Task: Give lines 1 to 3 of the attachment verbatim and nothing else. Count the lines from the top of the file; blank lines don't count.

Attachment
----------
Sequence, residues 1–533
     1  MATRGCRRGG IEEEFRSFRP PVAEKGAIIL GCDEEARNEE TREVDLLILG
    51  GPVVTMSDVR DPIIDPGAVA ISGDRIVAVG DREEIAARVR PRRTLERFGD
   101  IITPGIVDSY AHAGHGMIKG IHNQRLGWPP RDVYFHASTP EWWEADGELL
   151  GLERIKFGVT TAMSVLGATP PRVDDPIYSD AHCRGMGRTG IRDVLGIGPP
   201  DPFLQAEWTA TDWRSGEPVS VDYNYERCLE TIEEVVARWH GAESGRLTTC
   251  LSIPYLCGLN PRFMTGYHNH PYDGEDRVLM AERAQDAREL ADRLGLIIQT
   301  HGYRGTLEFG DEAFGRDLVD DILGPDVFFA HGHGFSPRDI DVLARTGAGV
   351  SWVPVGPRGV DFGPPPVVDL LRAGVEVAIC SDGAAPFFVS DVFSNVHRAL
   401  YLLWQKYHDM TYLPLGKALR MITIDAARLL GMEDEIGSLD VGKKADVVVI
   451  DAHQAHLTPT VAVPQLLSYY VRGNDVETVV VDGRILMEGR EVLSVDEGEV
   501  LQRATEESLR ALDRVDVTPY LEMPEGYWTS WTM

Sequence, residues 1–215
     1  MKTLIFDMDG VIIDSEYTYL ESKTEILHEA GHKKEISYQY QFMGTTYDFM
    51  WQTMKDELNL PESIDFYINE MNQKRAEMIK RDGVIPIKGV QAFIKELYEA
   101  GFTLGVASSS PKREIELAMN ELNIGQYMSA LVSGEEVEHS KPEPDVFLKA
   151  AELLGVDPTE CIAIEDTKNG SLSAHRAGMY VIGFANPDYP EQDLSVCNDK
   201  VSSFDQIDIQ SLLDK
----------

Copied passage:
Sequence, residues 1–533
     1  MATRGCRRGG IEEEFRSFRP PVAEKGAIIL GCDEEARNEE TREVDLLILG
    51  GPVVTMSDVR DPIIDPGAVA ISGDRIVAVG DREEIAARVR PRRTLERFGD